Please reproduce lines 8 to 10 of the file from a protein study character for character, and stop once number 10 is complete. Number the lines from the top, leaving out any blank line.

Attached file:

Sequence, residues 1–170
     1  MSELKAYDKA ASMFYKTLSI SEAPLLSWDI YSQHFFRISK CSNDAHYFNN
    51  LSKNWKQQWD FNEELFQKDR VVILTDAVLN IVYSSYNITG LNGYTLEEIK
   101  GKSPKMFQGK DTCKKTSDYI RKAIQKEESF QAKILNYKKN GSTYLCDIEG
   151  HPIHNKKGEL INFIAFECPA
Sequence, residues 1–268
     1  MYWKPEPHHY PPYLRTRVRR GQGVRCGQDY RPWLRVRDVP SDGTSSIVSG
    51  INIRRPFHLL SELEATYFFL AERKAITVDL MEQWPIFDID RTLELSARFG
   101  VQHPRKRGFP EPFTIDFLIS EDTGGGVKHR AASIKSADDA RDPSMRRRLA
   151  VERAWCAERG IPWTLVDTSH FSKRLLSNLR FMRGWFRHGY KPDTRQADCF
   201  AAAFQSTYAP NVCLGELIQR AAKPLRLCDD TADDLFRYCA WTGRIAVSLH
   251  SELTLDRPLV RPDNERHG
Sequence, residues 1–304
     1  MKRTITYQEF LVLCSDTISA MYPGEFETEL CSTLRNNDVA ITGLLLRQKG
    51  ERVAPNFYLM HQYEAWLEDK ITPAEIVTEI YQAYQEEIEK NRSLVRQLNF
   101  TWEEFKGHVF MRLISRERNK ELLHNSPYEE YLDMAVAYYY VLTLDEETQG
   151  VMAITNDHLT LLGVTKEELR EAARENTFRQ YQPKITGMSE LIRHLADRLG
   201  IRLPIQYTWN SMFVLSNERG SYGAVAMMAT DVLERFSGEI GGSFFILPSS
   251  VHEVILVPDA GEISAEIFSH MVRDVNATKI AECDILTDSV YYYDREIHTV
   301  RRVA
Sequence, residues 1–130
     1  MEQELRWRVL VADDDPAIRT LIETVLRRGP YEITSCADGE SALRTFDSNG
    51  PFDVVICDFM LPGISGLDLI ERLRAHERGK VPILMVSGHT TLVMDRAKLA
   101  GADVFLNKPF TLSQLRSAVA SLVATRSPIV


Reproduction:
    51  INIRRPFHLL SELEATYFFL AERKAITVDL MEQWPIFDID RTLELSARFG
   101  VQHPRKRGFP EPFTIDFLIS EDTGGGVKHR AASIKSADDA RDPSMRRRLA
   151  VERAWCAERG IPWTLVDTSH FSKRLLSNLR FMRGWFRHGY KPDTRQADCF